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I was initially going to apologize to Joshua Harris for stealing the title from his previous book, but after I wrote this post I discovered he had written a whole book on this topic as well. Click here to get a copy of his book, Stop Dating the Church.

Moving to college was the first time I had to find a new church. My situation was probably similar to many who read this blog. I was 18 and was always part of my family’s church. In fact, we were dedicated members of my home church. My parents were both involved in ministry leadership, my mom played the piano, and I occasionally led worship. From childhood, my life centered around the weekly rhythms of corporate worship, fellowship, and service. Those were the bedrock activities of life and everything else was filled in around that foundation. At the time, I did not realize how significant this way of life was to my spiritual well-being.

College was different. I went to an excellent Christian university, and unlike many who found themselves in a spiritual vacuum with no Christian friends, I was inundated with spiritual stuff. Instead of having no options, I had way too many options. There were dozens of Bible studies, campus ministries, outreach groups, Christian organizations, and of course churches. Good local churches were numbered in the dozens in close proximity to my university.

I knew I was supposed to be involved in ministry, and I knew I was supposed to “go to church.” After all, that is what good Christians did. So, I began to sample the buffet of avenues for Christian service and “check out” churches. Weeks turned into months, and months turned into semesters. Before I knew it, I was a junior in college and I did not have a church home. Now, to be clear, I was sitting in a pew most every Sunday and I regularly attended studies, worship services, prayer gatherings, and service activities. However, I floated from one local church to the next, from one campus ministry to the next, trying to find where God wanted me to be.

As one of the guys I pastor with says, I was “dating the church,” and that was a big mistake.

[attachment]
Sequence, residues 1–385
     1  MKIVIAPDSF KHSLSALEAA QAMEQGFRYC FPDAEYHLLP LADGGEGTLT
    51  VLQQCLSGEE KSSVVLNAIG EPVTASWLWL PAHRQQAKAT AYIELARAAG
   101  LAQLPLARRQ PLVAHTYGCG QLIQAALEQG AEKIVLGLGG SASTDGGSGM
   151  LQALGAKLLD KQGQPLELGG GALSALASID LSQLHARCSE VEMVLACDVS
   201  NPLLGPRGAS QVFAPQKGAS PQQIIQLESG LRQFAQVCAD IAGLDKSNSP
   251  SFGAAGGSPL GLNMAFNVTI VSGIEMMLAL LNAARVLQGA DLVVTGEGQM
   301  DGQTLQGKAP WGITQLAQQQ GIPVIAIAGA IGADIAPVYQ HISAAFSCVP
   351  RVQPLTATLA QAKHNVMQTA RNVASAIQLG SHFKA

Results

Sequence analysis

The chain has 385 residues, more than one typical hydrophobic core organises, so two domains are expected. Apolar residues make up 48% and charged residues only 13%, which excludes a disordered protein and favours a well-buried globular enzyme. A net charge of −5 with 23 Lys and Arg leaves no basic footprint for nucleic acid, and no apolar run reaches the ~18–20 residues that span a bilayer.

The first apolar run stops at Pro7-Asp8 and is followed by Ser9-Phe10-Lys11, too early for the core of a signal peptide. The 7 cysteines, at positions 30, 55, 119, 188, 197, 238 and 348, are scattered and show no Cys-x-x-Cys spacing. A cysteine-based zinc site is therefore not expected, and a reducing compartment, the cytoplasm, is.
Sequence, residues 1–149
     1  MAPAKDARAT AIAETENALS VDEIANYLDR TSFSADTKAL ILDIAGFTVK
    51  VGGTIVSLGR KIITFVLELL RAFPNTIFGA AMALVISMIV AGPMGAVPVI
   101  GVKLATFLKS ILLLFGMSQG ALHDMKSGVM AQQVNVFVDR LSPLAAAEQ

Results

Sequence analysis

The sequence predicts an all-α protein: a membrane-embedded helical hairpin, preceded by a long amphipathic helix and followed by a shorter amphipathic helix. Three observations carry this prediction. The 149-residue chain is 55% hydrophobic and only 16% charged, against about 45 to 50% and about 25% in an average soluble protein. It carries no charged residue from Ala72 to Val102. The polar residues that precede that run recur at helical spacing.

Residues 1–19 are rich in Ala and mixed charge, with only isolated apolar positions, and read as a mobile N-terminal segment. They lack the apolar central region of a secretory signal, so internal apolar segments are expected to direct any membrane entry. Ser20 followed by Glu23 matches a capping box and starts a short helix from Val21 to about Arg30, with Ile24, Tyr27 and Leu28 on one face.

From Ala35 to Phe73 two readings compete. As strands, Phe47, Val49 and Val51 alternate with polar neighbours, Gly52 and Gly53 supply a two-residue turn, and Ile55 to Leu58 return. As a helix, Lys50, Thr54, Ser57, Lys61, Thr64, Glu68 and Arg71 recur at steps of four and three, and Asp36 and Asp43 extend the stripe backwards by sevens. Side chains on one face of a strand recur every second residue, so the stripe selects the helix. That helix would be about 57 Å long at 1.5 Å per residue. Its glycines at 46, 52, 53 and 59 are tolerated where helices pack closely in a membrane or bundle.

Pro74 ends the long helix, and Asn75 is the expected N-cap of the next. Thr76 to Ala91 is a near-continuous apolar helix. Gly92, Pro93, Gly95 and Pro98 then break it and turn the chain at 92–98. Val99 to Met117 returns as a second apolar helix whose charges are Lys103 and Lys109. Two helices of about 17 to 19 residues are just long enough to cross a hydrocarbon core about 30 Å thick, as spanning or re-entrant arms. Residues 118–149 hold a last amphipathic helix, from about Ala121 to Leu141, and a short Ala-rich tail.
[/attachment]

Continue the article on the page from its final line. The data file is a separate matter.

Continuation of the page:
It took me until to my junior year to realize the damage that had been done. I could not understand how, in the middle of such fine ministry opportunities, I had stagnated in my love and worship of the Lord. And yet, here I was, realizing that my spiritual growth had actually stunted by moving into this Evangelical oasis.

I learned a tough lesson at the end of my college experience: there is no such thing as a lone ranger Christian. The good news of the kingdom is not simply that I am saved from my own sin, but that Christ is creating a people for his own glory. That people is placed on mission. When I was raised to walk in a new life, I was raised to do so alongside God’s called-out people. The church is this called-out assembly, and my mission is to be part of the church’s mission.

The church stands at the middle of God’s plan to reveal his mysteries to the world. It is through the church that the manifold wisdom of God is made known (Eph. 3:10). But how does that take place? Simply put, God’s church exists all over the world in little, local congregations. These congregations are the church, and every, single Christian on the planet is supposed to be a part of one.* I serve Christ best in and through one of these local assemblies, and so do you. No matter what kind of good work you are doing, if you are doing it apart from the local church then you are doing it outside of God’s plan.

During college, I placed a desire to find my own, individual path from God ahead of a biblical understanding of the church and its role in God’s mission. In the process, my relationship with Christ’s church became casual, like a dating relationship. I was far from committed, and when I found other ministries that I thought suited my fancy I would drift there for a while. Ironically, it was this search for spiritual fulfillment that pulled me away from a life-giving connection to God’s community.

At the time, I viewed church as an event instead of a community. It was a thing I needed to attend, because God wanted me to. This poor understanding of church allowed me to think I could actually find God’s will for my life apart from a local church. Of course, this was a dead end. Over the years, I have had countless students step foot into my office confused about God’s plan for their life. It is an all-too-common situation, and one to which most of us can relate. Unfortunately, I regularly meet students who are searching for a unicorn. They are waiting on some mystic word from God about his plans for their life.

What they really need is to roll up their sleeves and get involved in the plan God has already established in his church. It should come as no surprise that the clearest path to our purpose is found in the center of God’s plan in the church. When I was a junior in college, I never imagined where God would take me. The plans I laid out for myself are far afield from where I find myself today. Once I stopped dating the church and committed to her, God used my service to Christ’s bride to lay out my steps before me.


*I understand there are many places in the world without local congregations. However, individual believers in places with no local congregations is not the ideal presented in Scripture. The Bible assumes membership in a local congregation, even for those sent to places without established churches, and the goal of our efforts should be establishing churches where there are none.